During some downtime, I searched the AppStore for some photo apps. I found Camera for iPad. At $0.99, the price was right for a try out. This app installs on both the iPad and iPhone and connects the two over Bluetooth or WiFi and displays what the camera sees on the iPad. It copies the picture from the iPhoneto the iPad and allows the iPad to serve as a flash for the camera. This was what I needed to make blogging easier. I also created an album using the Picasa app and tagged and up loaded my photos.

A call went out on day 2 to share notes. I was able to do this via my iWorks folder. I am finding more and more of my average, daily functions can be performed with it. Sharing information was a bit of a task. iWorks makes sharing easy but no collaboration unless others have iPads or Macs running iWorks.

I have been composing blogs from my notes. I have found a bug in the WordPress app making pasting into it a hit or miss prospect. This proved to be the biggest setback and made composing blog posts more difficult.

Overall, I would call my experiment with the iPad a success. It was a useful tool during the conference allowing me to take and organize notes from sessions, take and organize pictures, keep up with social media, blog, and search for information. So in addition to being THE media consumption device, it is a useful tool for my daily life. Also, Pinball 3D is an awesome way to spend some downtime and doesn’t require quarters!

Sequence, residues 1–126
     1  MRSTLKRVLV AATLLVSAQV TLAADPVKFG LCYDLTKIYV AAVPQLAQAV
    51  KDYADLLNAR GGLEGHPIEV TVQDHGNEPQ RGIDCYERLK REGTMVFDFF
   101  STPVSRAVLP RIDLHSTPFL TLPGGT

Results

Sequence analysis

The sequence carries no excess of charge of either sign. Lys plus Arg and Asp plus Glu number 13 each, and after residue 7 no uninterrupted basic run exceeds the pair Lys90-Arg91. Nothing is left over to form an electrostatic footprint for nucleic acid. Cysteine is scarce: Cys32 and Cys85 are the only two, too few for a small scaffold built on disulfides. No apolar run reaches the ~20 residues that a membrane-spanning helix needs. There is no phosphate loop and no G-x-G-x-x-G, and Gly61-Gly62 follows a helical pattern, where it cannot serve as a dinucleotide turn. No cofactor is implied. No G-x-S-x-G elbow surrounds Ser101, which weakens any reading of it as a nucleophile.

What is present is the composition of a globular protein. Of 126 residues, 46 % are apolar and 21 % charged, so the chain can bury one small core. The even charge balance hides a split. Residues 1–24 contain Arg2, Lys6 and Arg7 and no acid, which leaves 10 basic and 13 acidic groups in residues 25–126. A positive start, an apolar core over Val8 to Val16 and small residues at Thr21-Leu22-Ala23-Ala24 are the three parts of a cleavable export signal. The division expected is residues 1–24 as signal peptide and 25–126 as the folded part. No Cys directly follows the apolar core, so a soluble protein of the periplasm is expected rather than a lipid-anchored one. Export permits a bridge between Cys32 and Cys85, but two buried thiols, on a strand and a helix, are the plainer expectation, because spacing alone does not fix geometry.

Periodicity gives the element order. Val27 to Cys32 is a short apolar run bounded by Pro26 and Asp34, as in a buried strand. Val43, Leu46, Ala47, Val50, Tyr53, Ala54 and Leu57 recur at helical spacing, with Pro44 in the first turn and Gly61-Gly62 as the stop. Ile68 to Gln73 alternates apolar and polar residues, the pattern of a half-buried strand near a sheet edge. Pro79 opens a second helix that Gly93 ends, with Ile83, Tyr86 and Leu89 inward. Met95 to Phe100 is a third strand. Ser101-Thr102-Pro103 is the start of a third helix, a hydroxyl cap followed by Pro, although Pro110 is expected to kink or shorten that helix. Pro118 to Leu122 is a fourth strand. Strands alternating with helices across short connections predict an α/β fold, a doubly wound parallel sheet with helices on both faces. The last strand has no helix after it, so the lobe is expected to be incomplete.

Information Intelligence

May 12, 2010

Information Intelligence. EMC’s name for the group of ECM and information governance products. Most of my day was spent in Momentum sessions and mostly with SourceOne products. Information governance leading to an information policy was a point well taken. If not, lawyers / corporate counsels were there to drive the point home. A lot of the sessions focused on broadening our thinking about data we should include such as email, IM, and SharePoint pages.